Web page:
Archives For Kobe

Kobe Bryant and I are the same age (he also, coincidentally, shares a birthday with my older brother). Some 19 years ago when Kobe stood at a podium with his Oakley sunglasses propped up on his forehead to announce that he was taking his talents to the NBA, I too was transitioning to that next phase in my life and preparing to go away to college. After it was announced that this high school kid would be a Laker, I, naturally, took a great interest in his career.

In the nearly 19 years that Kobe has worn a Lakers’ jersey so much has occurred it’s nearly impossible to recount it all. Airballs in Utah, ridiculous shots in Portland on the last day of a season, a championship celebration in Orlando, a fractured hand, a hurt shoulder, a ruptured achilles…it all blends together like a desert landscape viewed through the window on a long car ride. I’d pick out one moment, but I don’t have a favorite uncle; my family is my family.

The new moments, though, act as a reminder. They jog the memory and turn history into today’s celebration, recreating the feeling from many years ago by rekindling the flames of past accomplishments. Especially when today’s acts truly are a culmination of what is, essentially, a life’s work.

We’ve known this moment was coming for some time. But actually watching it happen, for me at least, was still a tremendous moment. The combination of longevity and production needed to reach such heights astounds me. The fact that the guy who did it is that same guy who, as a kid, had those Oakley’s sitting on his forehead makes it that much more special.

Kobe will never quite be the player many want him to be. As his efficiency wanes, his personality shows more hard edges, and his team suffers more losses than wins another type of validation will come for that sect. And as the complexities of his game, leadership, and overall status as a player are pushed to the middle of the spotlight both sides of the argument will meet with loud voices and even louder arguments trying to get to the bottom of what it all means.

For me, though, there will be none of that. And there especially won’t be some long discussion about Michael Jordan, measuring sticks, and how achievements do or don’t stack up. Kobe is one of the greatest players I ever saw grace a basketball court. Where he falls in that discussion matters less to me than the fact that he is part of that conversation. Far from perfect, but a provider of more moments worth celebrating than not. And, really, what more could you ask for?

The man harnessed his skill through immeasurable work to achieve at a level I never would have expected. He did it his way, for better or for worse, and nearly two decades later is still out there giving it his all. And while many would have hoped for a different route, it’s hard to argue with the path traveled considering there really wasn’t a road map to follow.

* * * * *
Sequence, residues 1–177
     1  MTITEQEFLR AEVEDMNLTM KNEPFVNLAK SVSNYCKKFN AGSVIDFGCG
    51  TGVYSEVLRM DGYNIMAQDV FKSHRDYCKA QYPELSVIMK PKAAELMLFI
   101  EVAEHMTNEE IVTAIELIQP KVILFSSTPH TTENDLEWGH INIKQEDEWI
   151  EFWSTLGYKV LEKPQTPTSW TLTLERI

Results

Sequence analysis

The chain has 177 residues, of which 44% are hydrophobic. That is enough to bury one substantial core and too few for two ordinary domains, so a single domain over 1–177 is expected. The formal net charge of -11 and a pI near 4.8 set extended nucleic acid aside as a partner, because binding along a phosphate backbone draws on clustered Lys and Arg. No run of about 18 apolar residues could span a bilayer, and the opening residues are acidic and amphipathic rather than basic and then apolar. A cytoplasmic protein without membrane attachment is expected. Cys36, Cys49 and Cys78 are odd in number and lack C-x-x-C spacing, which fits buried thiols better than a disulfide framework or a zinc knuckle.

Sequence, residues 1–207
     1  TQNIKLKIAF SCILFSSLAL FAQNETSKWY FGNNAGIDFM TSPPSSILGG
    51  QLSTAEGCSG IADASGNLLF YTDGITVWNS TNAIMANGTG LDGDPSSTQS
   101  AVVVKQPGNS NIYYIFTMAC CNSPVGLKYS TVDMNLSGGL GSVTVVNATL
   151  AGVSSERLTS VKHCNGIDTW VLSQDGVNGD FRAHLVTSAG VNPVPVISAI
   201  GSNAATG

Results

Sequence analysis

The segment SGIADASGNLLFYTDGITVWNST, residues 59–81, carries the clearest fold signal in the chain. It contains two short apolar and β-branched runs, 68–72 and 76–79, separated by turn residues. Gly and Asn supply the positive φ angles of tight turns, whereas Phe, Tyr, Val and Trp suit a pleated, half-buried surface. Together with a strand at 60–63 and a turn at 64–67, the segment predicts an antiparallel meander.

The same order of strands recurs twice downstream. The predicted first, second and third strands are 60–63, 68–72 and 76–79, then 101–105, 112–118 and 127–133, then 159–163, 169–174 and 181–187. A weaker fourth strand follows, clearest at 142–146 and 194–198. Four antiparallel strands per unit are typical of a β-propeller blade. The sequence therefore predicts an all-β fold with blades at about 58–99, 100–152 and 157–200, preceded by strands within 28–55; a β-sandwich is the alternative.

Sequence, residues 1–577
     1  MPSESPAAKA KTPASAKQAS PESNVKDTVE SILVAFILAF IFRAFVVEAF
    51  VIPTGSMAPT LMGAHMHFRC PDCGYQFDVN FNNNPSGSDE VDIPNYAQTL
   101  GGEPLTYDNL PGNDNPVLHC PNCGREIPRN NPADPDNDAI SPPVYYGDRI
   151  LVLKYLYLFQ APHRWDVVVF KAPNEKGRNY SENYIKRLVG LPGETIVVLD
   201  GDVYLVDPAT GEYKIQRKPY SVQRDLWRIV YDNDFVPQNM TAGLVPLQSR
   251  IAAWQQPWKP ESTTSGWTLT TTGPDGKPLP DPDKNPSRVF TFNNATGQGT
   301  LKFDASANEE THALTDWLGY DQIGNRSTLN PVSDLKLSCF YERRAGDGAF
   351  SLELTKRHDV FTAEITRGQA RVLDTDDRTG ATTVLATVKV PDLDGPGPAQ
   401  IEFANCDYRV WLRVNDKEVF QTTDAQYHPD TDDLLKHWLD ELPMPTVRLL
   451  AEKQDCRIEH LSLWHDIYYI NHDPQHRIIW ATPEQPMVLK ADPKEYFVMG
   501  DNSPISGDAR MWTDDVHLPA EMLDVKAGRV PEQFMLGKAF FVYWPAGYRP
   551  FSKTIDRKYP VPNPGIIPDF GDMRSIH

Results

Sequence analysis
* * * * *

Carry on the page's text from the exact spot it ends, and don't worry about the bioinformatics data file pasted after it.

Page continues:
It was the end of the game and Kobe was talking to Mike Trudell of Lakers.com and TWC Sportsnet. He was describing the team’s win, but also how sore his body was after games and some of what he would do to recover to play the next game.

Kobe had played nearly 36 minutes and led the Lakers down the stretch, scoring nine of his game high 32 points in the final period including two big free throws that pushed the lead to three in the closing seconds. Further, over the final six minutes of the game, Kobe had a hand in every point the Lakers scored tallying three assists on the only points not scored by him over that stretch.

Nights like this have been rare for Kobe. Not necessarily the numbers part, the winning part. The W’s have been few and far between, but the numbers have been there almost nightly. The good and the bad.

A simple scan of his season stats tells you a couple of things. First, Kobe is still a guy giving the Lakers his 25, 5 and 5. These are the numbers that will be engraved on his tombstone, a testament to the all around game that made him one of the league’s best for the better part of two decades. The second, however, is that those numbers are coming at the worst efficiency of his career. Kobe’s not even shooting 40% from the field, not even 30% from behind the arc, and has a True Shooting Percentage below 50%. And all of this on over 22 shots a game and a usage rate that is leading the league and the 2nd highest of his career. It all adds up to some troubling statistics that, when added up, tell a story of Kobe doing more harm than good when he’s on the floor.